Writer Janina Matthewson investigates what truly ethical fashion is all about…SPOILER ALERT: There is no hemp.
In a world where the list of big business tax dodgers grows ever longer and we keep realising we’ve forgotten who to boycott, it’s easy to forget that there are people not just willing, but determined, to do business in an ethical way. And I’m not talking about sourcing copy paper from sustainable forests for 20p more, I mean properly, seriously, bettering the world by their existence.
Such a business is Fashion ComPassion, a fashion retailer (Obviously, and with compassion, also obviously, and passion) who source their brands hell bent on bettering the lives of the people that work for them. Fashion ComPassion recently held an Eco-Fair at the Debut Contemporary art gallery, and I got to go along and see some of their awesome products, and meat some of their excellent people.
Being that the event was in an art gallery, and embracing the fact that fashion is a form of art, each of the four brands showcased was paired with the work of one of the Debut Contemporary’s contributors. So it was that Anja Kleemann-Jacks, an artist who specialises in incorporating found objects, finds a necklace by SUPU draped across a painting. The necklace, and the SUPU collection as a whole, is stunning; handcrafted jewellery made in Kenya by Masai artisans, who are given marketing training while they work.
Also on display are the SO COMPLETELY PRACTICAL clutches of Rags2Riches, who, in spite of the fact that they have a number instead of a word, appear to be geniuses. Artisans from all over the Philippines craft bags from recycled fabrics, and they have solved one of the greatest problems of being elegant: the fact that a flat clutch is never going to close if you put anything at all in it. Their cheerily coloured clutches are sturdy and structured, with plenty of built in room, with some of them being up to two inches wide. Pairing them with the sculpture of David Booth was obviously an appropriate move for these structural masterminds.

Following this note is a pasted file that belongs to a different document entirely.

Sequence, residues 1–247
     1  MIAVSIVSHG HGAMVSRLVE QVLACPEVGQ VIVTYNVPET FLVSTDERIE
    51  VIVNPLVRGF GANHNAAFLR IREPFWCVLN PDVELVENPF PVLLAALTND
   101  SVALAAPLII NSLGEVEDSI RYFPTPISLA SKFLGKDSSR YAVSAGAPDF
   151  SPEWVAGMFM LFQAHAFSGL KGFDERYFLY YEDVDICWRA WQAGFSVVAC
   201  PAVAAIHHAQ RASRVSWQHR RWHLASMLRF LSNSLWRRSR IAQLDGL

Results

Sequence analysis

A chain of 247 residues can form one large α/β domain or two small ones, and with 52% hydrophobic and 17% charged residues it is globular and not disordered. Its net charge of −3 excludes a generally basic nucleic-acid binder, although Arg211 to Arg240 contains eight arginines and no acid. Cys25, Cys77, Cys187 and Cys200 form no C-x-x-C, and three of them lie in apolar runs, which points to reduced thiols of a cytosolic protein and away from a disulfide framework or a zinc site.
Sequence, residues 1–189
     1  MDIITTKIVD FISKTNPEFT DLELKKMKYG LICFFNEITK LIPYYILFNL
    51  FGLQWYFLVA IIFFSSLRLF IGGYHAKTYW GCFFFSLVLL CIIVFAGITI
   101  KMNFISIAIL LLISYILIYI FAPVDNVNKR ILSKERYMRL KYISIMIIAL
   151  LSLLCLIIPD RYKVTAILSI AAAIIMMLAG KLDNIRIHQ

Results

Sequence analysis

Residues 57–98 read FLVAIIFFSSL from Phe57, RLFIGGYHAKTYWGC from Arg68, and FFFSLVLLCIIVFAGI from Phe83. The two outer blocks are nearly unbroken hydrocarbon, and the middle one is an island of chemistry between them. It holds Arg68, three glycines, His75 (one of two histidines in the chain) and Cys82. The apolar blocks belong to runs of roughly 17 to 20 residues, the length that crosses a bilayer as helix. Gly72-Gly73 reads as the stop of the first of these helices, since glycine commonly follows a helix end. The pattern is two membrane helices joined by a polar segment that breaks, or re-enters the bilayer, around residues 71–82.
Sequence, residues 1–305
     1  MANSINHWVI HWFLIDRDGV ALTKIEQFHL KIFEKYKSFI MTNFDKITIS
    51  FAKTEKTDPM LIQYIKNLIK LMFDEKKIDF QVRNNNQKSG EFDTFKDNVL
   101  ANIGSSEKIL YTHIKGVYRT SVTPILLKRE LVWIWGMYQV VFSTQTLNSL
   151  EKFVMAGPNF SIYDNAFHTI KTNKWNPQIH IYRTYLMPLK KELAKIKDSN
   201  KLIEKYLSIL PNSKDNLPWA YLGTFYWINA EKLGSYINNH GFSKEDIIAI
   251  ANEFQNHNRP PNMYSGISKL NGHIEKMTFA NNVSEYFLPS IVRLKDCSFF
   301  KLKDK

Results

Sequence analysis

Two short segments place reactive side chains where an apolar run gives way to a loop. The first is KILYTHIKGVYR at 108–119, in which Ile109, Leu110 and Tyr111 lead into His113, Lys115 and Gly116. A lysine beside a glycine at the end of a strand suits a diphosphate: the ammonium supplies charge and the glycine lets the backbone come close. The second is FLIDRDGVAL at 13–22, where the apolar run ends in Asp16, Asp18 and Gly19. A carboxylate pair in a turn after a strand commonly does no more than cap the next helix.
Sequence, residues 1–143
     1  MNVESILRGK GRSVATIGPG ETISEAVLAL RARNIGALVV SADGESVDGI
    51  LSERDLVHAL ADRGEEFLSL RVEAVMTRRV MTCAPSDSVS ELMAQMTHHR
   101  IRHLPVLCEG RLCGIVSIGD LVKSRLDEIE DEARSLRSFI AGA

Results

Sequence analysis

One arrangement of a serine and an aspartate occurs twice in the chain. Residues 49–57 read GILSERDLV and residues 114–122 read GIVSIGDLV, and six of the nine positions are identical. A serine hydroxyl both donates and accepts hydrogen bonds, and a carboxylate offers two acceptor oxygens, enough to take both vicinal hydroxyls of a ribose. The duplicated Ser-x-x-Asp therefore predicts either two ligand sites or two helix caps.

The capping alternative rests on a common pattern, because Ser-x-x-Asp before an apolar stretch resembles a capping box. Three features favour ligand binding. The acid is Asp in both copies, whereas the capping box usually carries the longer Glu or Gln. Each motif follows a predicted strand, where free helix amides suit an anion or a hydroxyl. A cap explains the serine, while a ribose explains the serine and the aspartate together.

The sorely tempting silk scarves of ABO London are essentially paintings in clothing form. All based on the work of managing director Aliya Boranbayeva, they flow like water and flame with colour.
The literally outstanding art of Laura Iosifescu, who paints with oil so think it takes years to dry, a technique she calls “living art,” hangs above the jewellery collection of BACA. The brainchild of Kevin Ackermann, BACA partners with Eden Ministry and Maiti Nepal to rehabilitate victims of human trafficking. Under the supervision of designers from around the world, women saved from sexual exploitation are taught to make jewellery, and to live independent lives.
It’s Ackermann that sums up the work of Fashion ComPassion when he points out that, for most people, charity and commerce are separate things. People give to charities with the money that they’ve earned from commerce. When the two are united, however, they can lead to a truly sustainable world.
Follow Janina on Twitter @J9andIf